• Then fill the center well with strawberry jam.
  • Finally, place the filled macarons in an airtight container and refrigerate for at least 24 hours, or up to 3 days, to mature.
Side by side images of piping the filling on macaron shells.

Macaron Tips:

  • If you’re new to baking macarons, I highly recommend starting with plain basic french macarons. Also, check out my comprehensive Macaron 101 for additional tips and a troubleshooting guide. I won’t go into details again here.
  • It’s important to crush the strawberries right before making the recipe so that they don’t absorb too much humidity and turn gummy. This will help to prevent wrinkly shells and/or thick batter issues.

How to store macarons

Strawberry macarons freeze really well.

  • Fill the macarons, as directed.
  • Place in an airtight container and freeze for up to 3 months.
  • To thaw, transfer to the fridge overnight.
"Macaron 101" cookbook on a marble background.

Macaron 101: A Comprehensive Guide

Master the art of French macarons and create your signature flavors!

Pink heart-shaped macarons stacked on a plate.
3.45 from 18 votes

Strawberry Macarons

These adorable little heart-shaped strawberry macarons are infused with strawberry flavor in every layer (no artificial flavoring)! So good, you wouldn’t want to share!
Prep: 1 hour
Cook: 18 minutes
Total: 1 hour 30 minutes
Servings: 25 filled macarons

Ingredients

For macaron shells:

  • 10 g freeze-dried strawberries Note 1
  • 90 g super-fine almond flour Note 2
  • 65 g powdered sugar Note 3
  • 70 g egg whites Note 4
  • 75 g fine granulated sugar Note 5
  • ¼ teaspoon cream of tartar Note 6
  • ¼ teaspoon coarse kosher salt
  • Red gel food coloring

For filling:

  • 3 tablespoons (40 g) unsalted butter softened
  • 3/4 cup (100 g) powdered sugar
  • 2 teaspoons heavy whipping cream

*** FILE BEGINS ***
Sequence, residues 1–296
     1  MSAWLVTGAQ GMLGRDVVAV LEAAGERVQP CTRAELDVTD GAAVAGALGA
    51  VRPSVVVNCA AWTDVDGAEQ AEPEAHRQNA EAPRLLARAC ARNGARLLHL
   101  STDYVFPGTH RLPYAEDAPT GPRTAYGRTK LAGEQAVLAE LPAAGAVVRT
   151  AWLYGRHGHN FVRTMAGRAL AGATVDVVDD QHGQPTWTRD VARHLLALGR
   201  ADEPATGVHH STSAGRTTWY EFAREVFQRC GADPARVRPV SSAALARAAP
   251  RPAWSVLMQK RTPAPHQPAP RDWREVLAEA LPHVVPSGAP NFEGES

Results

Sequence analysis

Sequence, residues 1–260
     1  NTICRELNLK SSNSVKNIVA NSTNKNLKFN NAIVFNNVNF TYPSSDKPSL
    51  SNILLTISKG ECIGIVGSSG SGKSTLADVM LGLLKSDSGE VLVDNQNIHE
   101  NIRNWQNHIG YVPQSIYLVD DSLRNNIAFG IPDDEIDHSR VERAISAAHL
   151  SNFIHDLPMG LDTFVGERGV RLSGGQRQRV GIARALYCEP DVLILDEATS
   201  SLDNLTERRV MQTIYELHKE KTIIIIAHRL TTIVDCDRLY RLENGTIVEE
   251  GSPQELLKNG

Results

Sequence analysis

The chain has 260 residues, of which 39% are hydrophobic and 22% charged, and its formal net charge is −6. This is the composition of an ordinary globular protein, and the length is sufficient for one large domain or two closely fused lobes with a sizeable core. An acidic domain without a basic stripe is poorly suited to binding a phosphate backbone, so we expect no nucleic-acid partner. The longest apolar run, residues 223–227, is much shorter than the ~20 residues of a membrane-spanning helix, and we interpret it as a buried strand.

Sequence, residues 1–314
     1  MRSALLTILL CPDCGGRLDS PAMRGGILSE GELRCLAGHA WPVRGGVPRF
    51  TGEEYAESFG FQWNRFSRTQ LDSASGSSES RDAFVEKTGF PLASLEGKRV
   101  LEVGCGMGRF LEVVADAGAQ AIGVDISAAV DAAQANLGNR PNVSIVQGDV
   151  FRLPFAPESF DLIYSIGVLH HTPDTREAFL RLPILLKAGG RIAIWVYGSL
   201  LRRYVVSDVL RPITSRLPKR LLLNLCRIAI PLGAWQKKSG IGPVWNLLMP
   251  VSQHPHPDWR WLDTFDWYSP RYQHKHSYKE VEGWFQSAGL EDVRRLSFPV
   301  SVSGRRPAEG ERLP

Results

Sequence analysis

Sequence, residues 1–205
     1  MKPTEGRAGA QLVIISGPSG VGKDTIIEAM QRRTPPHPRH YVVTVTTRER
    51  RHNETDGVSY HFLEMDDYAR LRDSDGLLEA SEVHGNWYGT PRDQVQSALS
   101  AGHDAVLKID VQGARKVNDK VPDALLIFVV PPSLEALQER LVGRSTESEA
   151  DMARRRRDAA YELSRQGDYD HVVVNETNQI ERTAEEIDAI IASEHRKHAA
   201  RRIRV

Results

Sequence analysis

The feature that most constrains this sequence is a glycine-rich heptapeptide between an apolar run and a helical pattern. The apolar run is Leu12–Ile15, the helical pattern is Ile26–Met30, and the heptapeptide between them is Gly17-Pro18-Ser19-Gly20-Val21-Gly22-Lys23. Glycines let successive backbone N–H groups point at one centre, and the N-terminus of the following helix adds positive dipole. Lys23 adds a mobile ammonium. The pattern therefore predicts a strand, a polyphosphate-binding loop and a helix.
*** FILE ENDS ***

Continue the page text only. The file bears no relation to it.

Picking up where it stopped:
• 4 tablespoons strawberry jam divided
  • ½ teaspoon pure vanilla extract
  • 1/8 teaspoon coarse kosher salt

Instructions 

To make macaron shells:

  • Preheat the oven to 300°F (150°C). Line 2 baking sheets with parchment paper, or teflon sheet, or silicone mat.
  • To prepare the dry ingredients. Place the freeze-dried strawberries between two sheets of parchment paper. Using a rolling pin, crush the strawberries into a fine powder. (TIP: Do this step right before you begin making macarons because the strawberry powder draws in moisture and affects the texture of the batter.)
  • Sift together, prepared strawberry powder, almond flour and powdered sugar twice. (Note: If you have up to 2 tablespoons of chunky dry ingredients left in the sifter, you don't have to replace it. Simply discard those chunky bits.)
  • To make meringue, in a clean mixing bowl with a whisk attachment, combine egg whites, granulated sugar, cream of tartar and salt and beat the mixture on medium speed until soft peaks form. (I set it to speed 4 on my KitchenAid stand mixer. It takes 30-40 minutes to whip the meringue, but it's well worth it for nice and full shells.)
  • When the meringue reaches soft peaks, add pink gel food coloring.
  • Continue beating the meringue at the same medium speed until hard peaks form. Visual cues: Meringue should ball up inside the whisk, and when you lift the whisk, the meringue should hold a pointy end and have sharp ribs.